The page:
C. Application for us: People make choices that can affect themselves (and us)

Remember: God is in control of people…

  • Abraham – could not control Lot’s choices
  • Joseph – Brothers, Potiphar’s wife, fellow prisoner forgetting him
  • Moses – The people rebelling and complaining, the 10 spies spreading doubt
  • Jesus – Lies, schemes, abandonment, (but He was always in control)

III. Time is Outside of our Control

A. For them: the timeline of the church was on God’s schedule

B. For them: more time for Stephen would have made strategic sense/been desired

C. Application for us: We often don’t understand God’s timing because we cannot see the bigger picture as He does

Remember: God is in Control of time…

  • Abraham – waiting period for Isaac (tried to facilitate the prophecy w/Hagar)
  • Joseph – perfect timing for famine preparation/provision
  • Moses – 40 years waiting in the desert before the bush encounter
  • Jesus – He waited, moved and ministered specifically by the Father’s timeline

Two take-aways:

  1. Attempting to maintain control of events and people can be very problematic (Abraham, Saul, Peter)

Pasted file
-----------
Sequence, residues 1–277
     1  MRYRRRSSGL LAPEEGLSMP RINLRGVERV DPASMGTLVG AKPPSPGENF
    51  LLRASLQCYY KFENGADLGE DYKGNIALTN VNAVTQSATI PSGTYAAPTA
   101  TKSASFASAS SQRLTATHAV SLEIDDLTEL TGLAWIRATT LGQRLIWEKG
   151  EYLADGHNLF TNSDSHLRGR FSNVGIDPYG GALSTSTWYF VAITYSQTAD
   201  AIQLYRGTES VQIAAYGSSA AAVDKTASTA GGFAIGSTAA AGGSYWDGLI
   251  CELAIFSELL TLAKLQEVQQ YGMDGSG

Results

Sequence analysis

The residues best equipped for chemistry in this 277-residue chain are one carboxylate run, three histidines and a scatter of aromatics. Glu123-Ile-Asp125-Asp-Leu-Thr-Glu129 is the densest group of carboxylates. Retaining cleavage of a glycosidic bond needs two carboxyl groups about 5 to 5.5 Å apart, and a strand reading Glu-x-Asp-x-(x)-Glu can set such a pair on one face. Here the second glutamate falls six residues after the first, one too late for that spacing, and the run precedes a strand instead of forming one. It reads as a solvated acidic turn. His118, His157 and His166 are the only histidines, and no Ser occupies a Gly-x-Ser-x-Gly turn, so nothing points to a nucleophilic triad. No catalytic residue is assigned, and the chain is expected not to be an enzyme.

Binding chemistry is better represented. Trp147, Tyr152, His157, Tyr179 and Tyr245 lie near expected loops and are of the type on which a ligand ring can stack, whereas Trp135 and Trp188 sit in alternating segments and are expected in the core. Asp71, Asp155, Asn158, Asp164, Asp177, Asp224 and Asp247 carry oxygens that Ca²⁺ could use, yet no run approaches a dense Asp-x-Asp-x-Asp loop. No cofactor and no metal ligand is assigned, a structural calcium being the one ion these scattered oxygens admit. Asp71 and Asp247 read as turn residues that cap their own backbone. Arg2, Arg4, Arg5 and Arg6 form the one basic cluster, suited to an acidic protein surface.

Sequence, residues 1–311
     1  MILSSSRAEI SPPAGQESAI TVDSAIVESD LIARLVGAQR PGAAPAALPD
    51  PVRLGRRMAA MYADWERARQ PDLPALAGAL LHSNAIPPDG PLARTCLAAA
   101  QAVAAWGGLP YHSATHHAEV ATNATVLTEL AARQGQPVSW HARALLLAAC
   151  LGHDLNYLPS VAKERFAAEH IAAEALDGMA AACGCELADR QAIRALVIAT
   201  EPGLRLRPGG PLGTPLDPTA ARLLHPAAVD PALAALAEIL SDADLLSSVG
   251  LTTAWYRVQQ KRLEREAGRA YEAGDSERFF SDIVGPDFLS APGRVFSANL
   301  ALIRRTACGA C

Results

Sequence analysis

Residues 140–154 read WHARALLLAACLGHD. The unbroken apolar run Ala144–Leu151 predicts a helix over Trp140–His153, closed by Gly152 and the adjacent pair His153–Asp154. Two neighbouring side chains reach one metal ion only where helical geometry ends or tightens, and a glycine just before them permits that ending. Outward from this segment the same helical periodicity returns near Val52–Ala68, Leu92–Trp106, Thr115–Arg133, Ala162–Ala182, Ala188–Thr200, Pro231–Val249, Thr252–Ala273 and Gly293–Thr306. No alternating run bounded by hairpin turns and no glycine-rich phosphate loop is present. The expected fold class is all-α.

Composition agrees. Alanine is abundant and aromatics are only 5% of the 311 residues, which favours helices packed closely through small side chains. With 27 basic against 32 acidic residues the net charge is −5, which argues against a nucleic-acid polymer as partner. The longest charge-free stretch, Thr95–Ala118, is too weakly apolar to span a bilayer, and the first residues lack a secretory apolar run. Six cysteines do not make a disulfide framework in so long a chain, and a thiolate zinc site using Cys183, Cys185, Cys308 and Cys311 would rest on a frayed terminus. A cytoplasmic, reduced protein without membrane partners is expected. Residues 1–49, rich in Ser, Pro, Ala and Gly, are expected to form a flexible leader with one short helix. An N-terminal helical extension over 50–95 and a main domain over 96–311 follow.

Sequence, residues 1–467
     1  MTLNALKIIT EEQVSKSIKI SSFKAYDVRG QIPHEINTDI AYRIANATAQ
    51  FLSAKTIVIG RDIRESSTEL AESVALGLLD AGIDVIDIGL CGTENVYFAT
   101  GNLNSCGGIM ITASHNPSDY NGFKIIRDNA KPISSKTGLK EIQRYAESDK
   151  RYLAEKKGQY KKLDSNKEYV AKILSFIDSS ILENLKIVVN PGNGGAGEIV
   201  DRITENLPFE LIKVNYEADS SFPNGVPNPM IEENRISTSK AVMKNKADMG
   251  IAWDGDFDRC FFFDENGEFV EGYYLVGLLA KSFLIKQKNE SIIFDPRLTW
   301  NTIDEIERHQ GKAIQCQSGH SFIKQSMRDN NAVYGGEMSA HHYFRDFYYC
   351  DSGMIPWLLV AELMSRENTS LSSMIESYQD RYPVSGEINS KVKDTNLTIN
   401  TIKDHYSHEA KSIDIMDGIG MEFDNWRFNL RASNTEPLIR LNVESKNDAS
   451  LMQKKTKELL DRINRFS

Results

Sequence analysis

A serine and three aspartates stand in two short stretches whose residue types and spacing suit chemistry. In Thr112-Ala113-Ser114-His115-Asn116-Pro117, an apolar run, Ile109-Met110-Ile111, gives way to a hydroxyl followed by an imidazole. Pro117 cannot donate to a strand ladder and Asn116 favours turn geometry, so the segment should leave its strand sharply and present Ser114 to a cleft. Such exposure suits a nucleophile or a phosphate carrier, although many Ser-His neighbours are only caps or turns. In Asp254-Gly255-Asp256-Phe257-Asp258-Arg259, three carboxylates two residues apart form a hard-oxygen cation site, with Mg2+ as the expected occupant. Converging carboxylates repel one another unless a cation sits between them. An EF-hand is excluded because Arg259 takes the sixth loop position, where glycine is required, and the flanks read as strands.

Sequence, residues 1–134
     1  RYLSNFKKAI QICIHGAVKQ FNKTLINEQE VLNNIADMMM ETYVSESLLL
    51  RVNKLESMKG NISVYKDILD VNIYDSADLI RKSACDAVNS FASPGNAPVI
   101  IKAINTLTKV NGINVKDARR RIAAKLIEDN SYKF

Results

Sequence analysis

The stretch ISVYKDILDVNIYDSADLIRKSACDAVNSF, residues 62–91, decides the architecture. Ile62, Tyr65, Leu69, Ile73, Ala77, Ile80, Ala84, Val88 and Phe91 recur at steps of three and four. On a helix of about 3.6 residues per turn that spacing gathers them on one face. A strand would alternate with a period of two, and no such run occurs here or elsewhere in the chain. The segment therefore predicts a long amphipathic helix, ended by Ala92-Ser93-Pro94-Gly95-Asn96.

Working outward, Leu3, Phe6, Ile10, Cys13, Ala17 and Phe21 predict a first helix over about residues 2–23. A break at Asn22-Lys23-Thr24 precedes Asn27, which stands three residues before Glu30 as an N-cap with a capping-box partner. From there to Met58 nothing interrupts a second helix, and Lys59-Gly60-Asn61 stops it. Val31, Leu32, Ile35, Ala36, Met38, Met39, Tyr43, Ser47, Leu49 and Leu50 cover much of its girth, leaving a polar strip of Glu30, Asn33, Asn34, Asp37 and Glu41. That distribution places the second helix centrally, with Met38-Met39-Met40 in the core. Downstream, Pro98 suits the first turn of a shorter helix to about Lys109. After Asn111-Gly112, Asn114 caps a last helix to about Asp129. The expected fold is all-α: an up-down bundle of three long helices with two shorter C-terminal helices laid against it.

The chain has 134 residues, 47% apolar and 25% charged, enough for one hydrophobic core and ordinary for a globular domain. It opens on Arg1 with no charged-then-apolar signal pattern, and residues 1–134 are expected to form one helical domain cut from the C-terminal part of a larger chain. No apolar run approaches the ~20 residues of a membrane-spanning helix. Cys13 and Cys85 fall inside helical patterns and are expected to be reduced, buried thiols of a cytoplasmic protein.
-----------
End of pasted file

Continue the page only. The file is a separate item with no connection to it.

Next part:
2. Hope is built on the truth that God is in control
  • He is with you “in the storm”
  • He is aware of the people and even providentially uses them
  • He knows waiting is tough but asks us to trust in the meantime
  • Romans 8:28 really is true…”for those who love God and are called according to His purpose”

Question: What have you learned about trusting that God is truly in control?


“The Living Church” series – Part 11 (3/22/20)

Acts 6:8-15, 7:54-60 “Determined Purpose”

Intro: There is a local man who walks to McDonald’s every day at the same time whether it’s sunny, raining, hot, cold, or storming. It absolutely does no matter what the weather is, he leaves at the same time. We see him on our school commute each day (before the virus intermission). He has what I call “Determined Purpose”. Yes, it may be just a trip to get coffee, but the idea is that he has predetermined that he is going…period.